How to spice up your Halloween costume this year

By Annamarie Wadiak

Kevin Reese/Flickr
(Kevin Reese/Flickr)

Halloween weekend is here, which means its costume time.

For those still wondering what to dress up as, don’t lose your head – unless you’re considering dressing up as a headless horseman – because this story breaks down the top costumes of the year. In most cases, creating any of these costumes should be simple.

The Day of the Dead  is a huge theme this Halloween in both decorations and costumes . So, how do we make a costume for this traditional holiday?  All that’s really needed is some white makeup and black eyeliner. Cover your face completely in white makeup  and then draw some intricate, skull-like patterns on your face, specifically around your mouth, eyes, cheekbones and forehead.

For some tutorials on creative designs, head to YouTube  (user Iris J. does a good one). Women can wear a black dress and add to this costume with some red flowers or colorful scarves or belts to tie around their waist. Men can wear a suit jacket, a bow tie or colorful tie and a classy  hat.

Emojis are another trendy costume this year, and, luckily, they are pretty easy to create. Toss on an all-black outfit and either print an image of an Emoji out, or cut up some construction paper and draw an Emoji face on it. Then, paste (or tape) the image onto your shirt.

Of course, you can be more specific with your Emojis: dress like the red dancing lady with a red dress and red shoes, wear a pink shirt and blue jeans for the girl Emoji, or wear blue shirt and brown pants for the boy Emoji. You can also go as a group of Emojis or Emoji couples with other people.

Two major events spark the inspiration for the next two costumes.

The first is the ongoing political campaigns. There should be plenty of Donald Trumps and Hillary Clintons at Halloween parties this year. For Trump, wear a blazer or suit with a red tie and, of course, invest in a men’s super tacky blonde wig. For Clinton, wear a black or blue suit with big black sunglasses, and, of course, invest in a woman’s super tacky blonde wig.

The next major event for Halloween inspiration is the release of the new, long-awaited Star Wars movie, “The Force Awakens.” I find  that the easiest characters to recreate under a time constraint are Han Solo and Leia. Han Solo (for men and woman) includes the use of generic autumn clothes, such as a long sleeve shirt, a vest, leggings or jeans, a brown belt, and boots.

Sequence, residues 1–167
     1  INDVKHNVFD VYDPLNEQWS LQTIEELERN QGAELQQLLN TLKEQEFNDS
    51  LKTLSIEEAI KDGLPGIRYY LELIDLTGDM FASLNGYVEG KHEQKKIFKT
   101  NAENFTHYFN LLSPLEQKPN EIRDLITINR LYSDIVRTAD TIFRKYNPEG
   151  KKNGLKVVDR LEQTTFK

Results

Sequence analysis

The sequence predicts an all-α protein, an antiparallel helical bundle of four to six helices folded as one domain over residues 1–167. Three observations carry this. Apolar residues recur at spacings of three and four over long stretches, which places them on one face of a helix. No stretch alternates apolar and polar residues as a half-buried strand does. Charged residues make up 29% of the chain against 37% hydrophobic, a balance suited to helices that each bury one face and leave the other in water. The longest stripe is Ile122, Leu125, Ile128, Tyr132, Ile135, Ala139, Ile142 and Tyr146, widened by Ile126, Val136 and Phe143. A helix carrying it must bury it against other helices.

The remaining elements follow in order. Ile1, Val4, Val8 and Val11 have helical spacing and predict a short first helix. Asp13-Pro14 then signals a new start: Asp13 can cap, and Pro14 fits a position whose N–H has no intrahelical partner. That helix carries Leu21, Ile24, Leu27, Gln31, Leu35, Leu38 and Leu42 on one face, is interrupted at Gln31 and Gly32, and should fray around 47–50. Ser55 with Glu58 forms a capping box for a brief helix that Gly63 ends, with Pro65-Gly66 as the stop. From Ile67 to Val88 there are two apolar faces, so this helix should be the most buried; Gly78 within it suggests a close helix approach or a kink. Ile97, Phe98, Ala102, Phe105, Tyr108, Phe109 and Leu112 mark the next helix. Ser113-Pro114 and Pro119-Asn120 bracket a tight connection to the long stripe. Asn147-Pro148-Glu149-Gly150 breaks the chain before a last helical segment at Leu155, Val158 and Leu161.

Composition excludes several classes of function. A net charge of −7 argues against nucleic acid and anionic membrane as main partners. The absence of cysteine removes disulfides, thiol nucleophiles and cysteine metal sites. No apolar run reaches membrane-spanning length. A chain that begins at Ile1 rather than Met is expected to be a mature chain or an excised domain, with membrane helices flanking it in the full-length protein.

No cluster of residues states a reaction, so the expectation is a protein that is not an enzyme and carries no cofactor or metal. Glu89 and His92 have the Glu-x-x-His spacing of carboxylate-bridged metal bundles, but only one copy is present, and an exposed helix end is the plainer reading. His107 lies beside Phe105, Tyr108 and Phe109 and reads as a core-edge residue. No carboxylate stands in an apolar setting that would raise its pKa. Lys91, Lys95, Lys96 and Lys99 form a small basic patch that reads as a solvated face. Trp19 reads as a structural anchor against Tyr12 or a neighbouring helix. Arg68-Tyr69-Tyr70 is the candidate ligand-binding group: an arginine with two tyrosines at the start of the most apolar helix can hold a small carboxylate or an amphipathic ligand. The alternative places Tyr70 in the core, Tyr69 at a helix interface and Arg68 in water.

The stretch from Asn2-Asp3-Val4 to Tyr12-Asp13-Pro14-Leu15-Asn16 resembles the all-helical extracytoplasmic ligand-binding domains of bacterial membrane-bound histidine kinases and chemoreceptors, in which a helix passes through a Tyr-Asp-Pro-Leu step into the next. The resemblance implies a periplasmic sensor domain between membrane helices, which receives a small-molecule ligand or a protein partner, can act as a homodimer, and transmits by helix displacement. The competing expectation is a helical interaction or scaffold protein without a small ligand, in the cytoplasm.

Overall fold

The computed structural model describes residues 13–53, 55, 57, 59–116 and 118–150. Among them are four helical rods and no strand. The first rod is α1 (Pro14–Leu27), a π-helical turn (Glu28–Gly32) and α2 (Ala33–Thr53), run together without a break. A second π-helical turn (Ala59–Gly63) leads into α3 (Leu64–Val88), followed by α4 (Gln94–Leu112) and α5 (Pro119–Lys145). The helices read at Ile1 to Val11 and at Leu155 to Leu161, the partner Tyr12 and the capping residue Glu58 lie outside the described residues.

For Leia, all that’s needed is a white dress and a tutorial on how to make those hair bun loops (see YouTube for that as well ). You can also throw together a generic Jedi costume with a brown jacket, brown boots, a brown belt and a tan or white top and bottom.

The piñata costume is also super trendy this year, and is also a relatively easy one to make. All you need to do is paste a variety of colorful tissue paper to a shirt or dress.  Add a party hat with tissue paper on it for an added fun effect.

An easy one for groups is the Ninja Turtle crew. Just get some green shirts or sweats and paste a turtle shell print out on the back and front. Then, either use colored headbands or ribbons so people can tell which turtle you are.

It might not be Oct. 3, but you can still dress up as the “Mean Girls” on Oct. 31.  Just wear pink (I know it is not a Wednesday, but it works for the costume) and a skirt.  A lot of people try to stick to the movie cover for inspiration on which Gretchen wears a plaid skirt and a dark pink sweater, Regina wears a white shirt, pink sweater and a pin skirt, Karen wears a pink sweater and dark pink skirt, and Cady wears a red sweater and jeans.

Another cute group costume is the “Spice Girls” costume. Everyone in your group picks a spice; if you are lacking resources to paint a cardboard spice cutout to wear, just print out a label of your favorite spice and pastes it to a shirt. To add to this costume, wear a red hat like the cap to the spices .

If all else fails, oldies like the nerd costume, fairytale character costumes and witches can be easily thrown together in a pinch.

Annamarie Wadiak can be reached at [email protected]